With 30 years in the business, chiropractor and clinic director Julian Keel knows everything there is to know when it comes to reducing back pain
A frequent flier who’s all too aware how long-haul travel can leave its mark on your joints, Keel spent four years as a chiropractor for Williams F1, where he travelled around the world treating the team. His Barnes Chiropractic Healthcare clinic treats all ages and stages – anything from headaches and neck problems to sciatica and sports-related injuries. He also has satellite clinics in Horsley and Walton-on-Thames.
So if you’re a frequent flier who’s worried about back pain, read on for Keel’s ultimate guide to negating aches at altitude…
“Incorporate exercise and healthy eating into your day-to-day routine as much as possible before flying,” advises Keel. Staying hydrated is also vital to prevention (make use of the many water bottle refill stations in Departures), as is managing travel-related stress, which can be helped by streamlining, planning ahead and giving yourself plenty of time.
As much movement as possible – especially if it’s a long flight – is the aim of the game here. As Keel puts it: “You need to try to keep the blood flowing.”
“While sitting, raise your heels off the ground and move your legs back and forth, running on the spot,” Julian advises. “This will get your blood flowing. Then, stretch your legs out in front of you, pulling on the back of your hamstring and calf. Bend your toes towards you. To improve circulation further, bend yourself forward at the waist to take pressure away from your back and remove tension from your hamstrings.”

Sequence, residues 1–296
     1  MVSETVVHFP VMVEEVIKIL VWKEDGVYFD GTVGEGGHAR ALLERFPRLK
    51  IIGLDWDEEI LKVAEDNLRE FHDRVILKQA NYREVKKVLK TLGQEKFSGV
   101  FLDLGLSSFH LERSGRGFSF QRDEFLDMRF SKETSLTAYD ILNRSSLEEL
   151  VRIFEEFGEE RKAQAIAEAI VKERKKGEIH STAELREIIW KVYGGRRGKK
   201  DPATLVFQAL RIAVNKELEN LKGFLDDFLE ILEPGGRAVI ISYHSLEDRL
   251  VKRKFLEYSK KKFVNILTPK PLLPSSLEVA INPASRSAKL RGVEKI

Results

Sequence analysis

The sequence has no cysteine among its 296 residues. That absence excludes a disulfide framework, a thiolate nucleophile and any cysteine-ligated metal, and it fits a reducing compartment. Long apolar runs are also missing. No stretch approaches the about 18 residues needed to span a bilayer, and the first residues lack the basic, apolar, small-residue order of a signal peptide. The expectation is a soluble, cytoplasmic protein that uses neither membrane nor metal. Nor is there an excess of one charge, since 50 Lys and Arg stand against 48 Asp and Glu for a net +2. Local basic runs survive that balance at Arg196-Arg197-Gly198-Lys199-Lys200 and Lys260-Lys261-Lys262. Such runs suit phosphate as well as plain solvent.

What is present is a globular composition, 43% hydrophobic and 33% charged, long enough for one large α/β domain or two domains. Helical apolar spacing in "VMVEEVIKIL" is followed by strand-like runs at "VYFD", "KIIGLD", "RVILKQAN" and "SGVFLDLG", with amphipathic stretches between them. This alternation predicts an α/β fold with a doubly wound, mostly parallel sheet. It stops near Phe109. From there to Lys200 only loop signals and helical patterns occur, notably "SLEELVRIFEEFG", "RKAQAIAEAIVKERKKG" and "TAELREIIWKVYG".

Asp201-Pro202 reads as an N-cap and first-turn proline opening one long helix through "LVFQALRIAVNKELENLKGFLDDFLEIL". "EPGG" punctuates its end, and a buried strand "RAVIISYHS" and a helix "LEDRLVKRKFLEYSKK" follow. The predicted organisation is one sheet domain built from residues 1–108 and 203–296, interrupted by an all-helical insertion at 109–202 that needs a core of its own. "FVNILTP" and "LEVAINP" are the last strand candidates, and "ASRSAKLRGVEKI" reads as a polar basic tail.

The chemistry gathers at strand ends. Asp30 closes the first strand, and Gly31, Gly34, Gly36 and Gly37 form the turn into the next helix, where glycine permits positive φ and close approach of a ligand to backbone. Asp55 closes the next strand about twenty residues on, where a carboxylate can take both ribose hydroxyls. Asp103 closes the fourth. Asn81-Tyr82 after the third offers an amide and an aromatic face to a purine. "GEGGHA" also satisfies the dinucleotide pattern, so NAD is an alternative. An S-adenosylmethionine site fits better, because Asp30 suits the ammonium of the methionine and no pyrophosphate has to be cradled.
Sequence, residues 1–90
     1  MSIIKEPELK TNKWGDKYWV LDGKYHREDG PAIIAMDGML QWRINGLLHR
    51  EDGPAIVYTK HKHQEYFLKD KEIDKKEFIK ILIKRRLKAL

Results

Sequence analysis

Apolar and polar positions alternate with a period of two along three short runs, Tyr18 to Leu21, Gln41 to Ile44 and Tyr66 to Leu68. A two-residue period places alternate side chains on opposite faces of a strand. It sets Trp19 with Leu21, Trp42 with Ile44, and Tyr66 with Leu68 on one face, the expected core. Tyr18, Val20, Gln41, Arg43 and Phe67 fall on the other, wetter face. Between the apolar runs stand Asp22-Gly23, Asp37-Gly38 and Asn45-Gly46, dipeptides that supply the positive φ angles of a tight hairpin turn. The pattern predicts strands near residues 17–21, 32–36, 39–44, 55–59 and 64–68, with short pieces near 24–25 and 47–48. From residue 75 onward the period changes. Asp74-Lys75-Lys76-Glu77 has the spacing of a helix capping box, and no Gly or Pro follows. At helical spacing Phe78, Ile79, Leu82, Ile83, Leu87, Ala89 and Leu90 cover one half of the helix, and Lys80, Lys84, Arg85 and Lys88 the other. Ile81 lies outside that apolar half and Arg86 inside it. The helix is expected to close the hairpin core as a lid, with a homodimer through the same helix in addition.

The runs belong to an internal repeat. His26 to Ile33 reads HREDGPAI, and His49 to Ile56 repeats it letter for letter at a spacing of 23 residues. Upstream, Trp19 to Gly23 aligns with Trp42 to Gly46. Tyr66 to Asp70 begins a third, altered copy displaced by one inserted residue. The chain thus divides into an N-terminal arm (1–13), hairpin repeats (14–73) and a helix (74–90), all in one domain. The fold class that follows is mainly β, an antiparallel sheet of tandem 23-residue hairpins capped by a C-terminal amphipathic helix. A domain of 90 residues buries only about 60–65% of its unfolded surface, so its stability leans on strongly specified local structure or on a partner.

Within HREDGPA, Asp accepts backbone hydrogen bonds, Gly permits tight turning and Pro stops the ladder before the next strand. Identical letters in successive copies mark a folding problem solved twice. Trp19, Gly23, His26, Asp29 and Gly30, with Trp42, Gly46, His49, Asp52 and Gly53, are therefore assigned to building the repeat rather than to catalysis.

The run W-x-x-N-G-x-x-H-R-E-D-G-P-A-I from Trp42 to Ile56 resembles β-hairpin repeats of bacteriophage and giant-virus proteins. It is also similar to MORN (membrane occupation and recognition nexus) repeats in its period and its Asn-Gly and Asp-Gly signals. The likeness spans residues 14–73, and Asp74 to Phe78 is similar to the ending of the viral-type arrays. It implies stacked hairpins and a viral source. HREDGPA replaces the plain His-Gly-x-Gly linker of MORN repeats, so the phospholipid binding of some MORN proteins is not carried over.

“In your seat, raise both heels off the grounds and squeeze your calf muscles,” says Julian. “Then, clench your glutes (the muscles around your bum) for a few seconds, release, and repeat. Your glutes are big players in lower back pain and by doing exercises as simple as these you can really release the pressure on your back. Repeat every hour.”
“Rotate your hips clockwise and anticlockwise, shuffling in your seat. Then, lift one knee and circle, moving your hip, repeat. Tilt your pelvis forward and back four or five times for added relief,” suggests Julian.
Retract shoulder blades
“Bring your arms out in front of you, retracting your shoulder blades together and pushing your arms away as far as they can go,” Julian says. “Squeeze together and push several times, this is a good way to get movement into the upper back area.”
Rotate your neck
“Slowly shift your neck all the way one way and then the other,” says Julian, “then bring your ear down to your shoulder and the same the other way. Flex your neck forward, poking your chin in and out. This will successfully rotate all the different areas of the neck.”
“When possible, you want to be walking as much as you can,” advises Keel. “Once you’re standing, tip your head and then roll your body forward, bending at the hips. This will gently stretch your whole body.”
As dehydration affects your spinal discs, Keel recommends drinking more water during and post-flight – and reducing caffeine and alcohol consumption, where possible.